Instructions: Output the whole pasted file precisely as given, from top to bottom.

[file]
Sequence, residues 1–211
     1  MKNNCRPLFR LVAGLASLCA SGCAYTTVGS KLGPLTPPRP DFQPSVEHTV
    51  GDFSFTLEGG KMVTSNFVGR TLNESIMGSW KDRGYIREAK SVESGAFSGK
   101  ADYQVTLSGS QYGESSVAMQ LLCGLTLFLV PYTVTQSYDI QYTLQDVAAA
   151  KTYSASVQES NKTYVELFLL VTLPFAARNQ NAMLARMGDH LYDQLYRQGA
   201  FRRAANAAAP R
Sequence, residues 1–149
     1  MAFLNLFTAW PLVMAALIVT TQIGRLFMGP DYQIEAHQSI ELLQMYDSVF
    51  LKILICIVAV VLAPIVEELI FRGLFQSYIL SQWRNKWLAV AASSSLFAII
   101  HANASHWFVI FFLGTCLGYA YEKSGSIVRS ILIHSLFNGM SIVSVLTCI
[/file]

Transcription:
Sequence, residues 1–211
     1  MKNNCRPLFR LVAGLASLCA SGCAYTTVGS KLGPLTPPRP DFQPSVEHTV
    51  GDFSFTLEGG KMVTSNFVGR TLNESIMGSW KDRGYIREAK SVESGAFSGK
   101  ADYQVTLSGS QYGESSVAMQ LLCGLTLFLV PYTVTQSYDI QYTLQDVAAA
   151  KTYSASVQES NKTYVELFLL VTLPFAARNQ NAMLARMGDH LYDQLYRQGA
   201  FRRAANAAAP R
Sequence, residues 1–149
     1  MAFLNLFTAW PLVMAALIVT TQIGRLFMGP DYQIEAHQSI ELLQMYDSVF
    51  LKILICIVAV VLAPIVEELI FRGLFQSYIL SQWRNKWLAV AASSSLFAII
   101  HANASHWFVI FFLGTCLGYA YEKSGSIVRS ILIHSLFNGM SIVSVLTCI